• Wu specialists could call souls and their spirits, and travel to the four directions. They were magic healers, exorcists, prophets, fortunetellers, rainmakers, and dream interpreters; they used music and suggestive dance in their rites. The wu correspond to what westerners think of as shamans. Unfortunately, westerners mistakenly lump many types of Chinese religious specialists together and call them “shamans.”

Diviners cast in lots of five and ten to account for all parts of the world and time elements; this may have helped in the development of the Five Element Theory (wuxing).

Bring the entire family!

Anyone in the court of the Shang king shared the his responsibilities for the spiritual and economic well-being of the state. Those responsibilities included the establishment of new settlements and cities. In the central part of Yinxu, the last capital of the Shang, archaeologists found burials of 852 humans (including children), 15 horses, 10 oxen, 18 sheep, 35 dogs, and a few chariots. All of these had been sacrificed to dedicate seven buildings in the heart of the city.

Shang kings regularly sacrificed “human offerings” (renshen) in their daily ceremonies honoring the ancestors, Di, the sacred mountain and river. These could be slaves, prisoners of war, and people from tribes other than the Shang that they captured in raiding parties. They sacrificed animals such as elephants, rhinos, buffalo, oxen, sheep, deer, dogs, and tigers.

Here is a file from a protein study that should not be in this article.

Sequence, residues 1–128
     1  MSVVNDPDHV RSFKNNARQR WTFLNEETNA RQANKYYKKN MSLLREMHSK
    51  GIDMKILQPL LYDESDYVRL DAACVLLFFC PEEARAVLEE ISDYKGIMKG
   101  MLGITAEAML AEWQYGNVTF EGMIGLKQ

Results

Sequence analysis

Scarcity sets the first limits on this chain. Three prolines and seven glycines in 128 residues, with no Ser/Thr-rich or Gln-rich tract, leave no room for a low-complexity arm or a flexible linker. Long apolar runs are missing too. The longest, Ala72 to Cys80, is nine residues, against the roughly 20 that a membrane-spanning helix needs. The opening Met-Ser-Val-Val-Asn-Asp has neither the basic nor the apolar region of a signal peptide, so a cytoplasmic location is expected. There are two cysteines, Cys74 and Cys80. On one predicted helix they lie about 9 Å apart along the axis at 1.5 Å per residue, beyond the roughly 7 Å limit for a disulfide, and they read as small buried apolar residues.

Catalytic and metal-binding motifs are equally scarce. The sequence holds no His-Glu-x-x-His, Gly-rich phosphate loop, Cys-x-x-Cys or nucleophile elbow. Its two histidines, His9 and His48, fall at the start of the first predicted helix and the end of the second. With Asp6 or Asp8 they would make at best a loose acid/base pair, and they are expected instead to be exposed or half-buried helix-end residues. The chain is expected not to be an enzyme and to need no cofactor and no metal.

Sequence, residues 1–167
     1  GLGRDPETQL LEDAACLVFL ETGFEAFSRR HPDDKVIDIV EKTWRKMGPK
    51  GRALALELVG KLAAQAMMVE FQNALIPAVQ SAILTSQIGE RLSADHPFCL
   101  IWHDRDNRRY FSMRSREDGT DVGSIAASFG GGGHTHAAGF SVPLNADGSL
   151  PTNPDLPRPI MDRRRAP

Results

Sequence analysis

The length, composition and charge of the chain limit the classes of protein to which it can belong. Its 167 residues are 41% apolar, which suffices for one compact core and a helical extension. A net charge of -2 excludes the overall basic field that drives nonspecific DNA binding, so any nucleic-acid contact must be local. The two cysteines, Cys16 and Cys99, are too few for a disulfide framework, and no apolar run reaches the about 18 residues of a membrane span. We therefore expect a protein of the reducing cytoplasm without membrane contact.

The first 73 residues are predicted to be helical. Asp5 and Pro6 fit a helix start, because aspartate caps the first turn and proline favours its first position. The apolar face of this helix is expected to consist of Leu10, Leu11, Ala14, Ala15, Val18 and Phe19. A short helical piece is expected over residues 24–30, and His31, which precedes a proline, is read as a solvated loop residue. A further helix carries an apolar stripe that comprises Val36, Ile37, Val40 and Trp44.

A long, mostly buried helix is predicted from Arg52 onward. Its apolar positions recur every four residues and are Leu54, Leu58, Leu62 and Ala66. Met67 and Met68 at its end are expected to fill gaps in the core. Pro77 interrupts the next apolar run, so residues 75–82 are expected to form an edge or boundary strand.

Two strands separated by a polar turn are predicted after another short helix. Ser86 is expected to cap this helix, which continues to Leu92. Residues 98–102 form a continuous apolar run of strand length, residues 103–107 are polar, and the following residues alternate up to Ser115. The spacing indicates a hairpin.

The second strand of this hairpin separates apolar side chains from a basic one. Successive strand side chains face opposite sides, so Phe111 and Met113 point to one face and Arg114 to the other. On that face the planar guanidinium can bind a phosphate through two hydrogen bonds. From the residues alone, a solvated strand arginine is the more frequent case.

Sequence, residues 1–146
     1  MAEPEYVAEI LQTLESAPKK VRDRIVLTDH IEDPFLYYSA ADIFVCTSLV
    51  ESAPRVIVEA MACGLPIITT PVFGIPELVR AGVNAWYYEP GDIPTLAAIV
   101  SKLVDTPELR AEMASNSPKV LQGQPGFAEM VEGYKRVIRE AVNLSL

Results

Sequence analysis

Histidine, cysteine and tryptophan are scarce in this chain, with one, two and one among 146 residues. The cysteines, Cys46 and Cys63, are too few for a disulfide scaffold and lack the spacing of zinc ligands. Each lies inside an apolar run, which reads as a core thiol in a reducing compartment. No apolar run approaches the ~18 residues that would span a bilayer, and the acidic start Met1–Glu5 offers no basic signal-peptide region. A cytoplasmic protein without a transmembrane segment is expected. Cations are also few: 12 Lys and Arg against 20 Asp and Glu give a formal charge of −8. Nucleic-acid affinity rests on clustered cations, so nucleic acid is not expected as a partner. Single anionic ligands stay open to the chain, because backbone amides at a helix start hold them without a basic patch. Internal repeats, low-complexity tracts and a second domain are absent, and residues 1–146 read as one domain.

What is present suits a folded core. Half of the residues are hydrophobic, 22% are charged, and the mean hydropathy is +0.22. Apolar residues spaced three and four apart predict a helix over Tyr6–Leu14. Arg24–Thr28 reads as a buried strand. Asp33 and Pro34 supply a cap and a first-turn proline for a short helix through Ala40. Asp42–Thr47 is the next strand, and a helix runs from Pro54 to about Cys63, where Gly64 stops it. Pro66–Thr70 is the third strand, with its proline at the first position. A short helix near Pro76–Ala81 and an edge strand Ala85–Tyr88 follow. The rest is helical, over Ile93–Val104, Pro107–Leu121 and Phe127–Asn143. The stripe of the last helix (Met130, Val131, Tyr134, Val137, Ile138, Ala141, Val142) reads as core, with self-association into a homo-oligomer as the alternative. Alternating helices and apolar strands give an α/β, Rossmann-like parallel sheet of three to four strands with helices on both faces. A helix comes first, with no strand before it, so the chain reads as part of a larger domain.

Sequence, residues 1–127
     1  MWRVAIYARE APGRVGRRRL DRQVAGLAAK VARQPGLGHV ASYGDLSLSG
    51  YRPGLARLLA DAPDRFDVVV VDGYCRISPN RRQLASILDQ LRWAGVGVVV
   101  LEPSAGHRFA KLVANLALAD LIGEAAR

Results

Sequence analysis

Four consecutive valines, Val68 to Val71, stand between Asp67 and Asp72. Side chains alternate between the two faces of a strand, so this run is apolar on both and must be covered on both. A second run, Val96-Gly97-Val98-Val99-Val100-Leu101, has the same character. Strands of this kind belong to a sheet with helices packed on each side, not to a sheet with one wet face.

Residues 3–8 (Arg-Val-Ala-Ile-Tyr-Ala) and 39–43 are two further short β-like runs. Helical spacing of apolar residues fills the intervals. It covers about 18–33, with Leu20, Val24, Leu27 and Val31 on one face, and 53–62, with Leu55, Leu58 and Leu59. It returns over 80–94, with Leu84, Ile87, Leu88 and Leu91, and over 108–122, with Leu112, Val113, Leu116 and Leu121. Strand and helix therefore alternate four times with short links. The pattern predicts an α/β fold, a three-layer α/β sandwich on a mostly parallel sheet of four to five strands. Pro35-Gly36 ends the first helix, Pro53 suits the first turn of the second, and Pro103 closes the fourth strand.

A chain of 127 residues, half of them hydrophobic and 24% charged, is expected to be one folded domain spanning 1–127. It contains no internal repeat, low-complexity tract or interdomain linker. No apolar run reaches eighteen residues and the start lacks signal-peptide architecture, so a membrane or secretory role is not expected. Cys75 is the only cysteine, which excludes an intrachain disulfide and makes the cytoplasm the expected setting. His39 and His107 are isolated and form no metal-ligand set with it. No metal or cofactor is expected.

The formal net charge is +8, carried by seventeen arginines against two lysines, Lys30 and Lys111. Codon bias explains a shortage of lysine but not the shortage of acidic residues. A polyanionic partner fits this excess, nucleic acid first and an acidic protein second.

When the situation demanded, anyone related to the royal family could become a sacrifice.


The most powerful sacrifices were the wu, which the “feng shui shamanism” crowd apparently have adopted as their “ancestors.” The Shang prayed for rain by exposing a sacred cripple or a woman wu to the sun or by burning them alive, in part because nuwu represented metaphysical water in human form.

For funerals they buried the living: family members, pets, horses, prisoners, and slaves as “companions in eternity” or renxun. These sacrifices may have been an attempt to control and direct natural violence — but as Mark Lewis notes, they were most definitely attempts to reduce the level of stress and politics in the ruling elite.

Visiting the “spirits”

During ceremonies, Shang kings drank ritual cocktails of stalactite water called “sucking on the teats of the Celestial Bell” (the knobs on ancient bronze bells symbolize these teats). This was supposed to give the kings a long life.

The Shang “shamans” (including the king) ate and consumed mass quantities of alcohol until they went into trance (or got drunk, whichever came first). Even during the Han Dynasty it was believed that alcohol transported humans into the land of the immortals.

Descendants of the Shaanxi Longshan culture called the Zhou assumed the Mandate of Heaven and instituted widespread moral reforms that curbed the drunken “shamanic” rites and many other religious practices. The Han government also suppressed shamanism around 9 BCE through 30 BCE, and tried to stop the locals from sacrificing humans as late as 25 CE.

Daoism, fangshi, and shamanism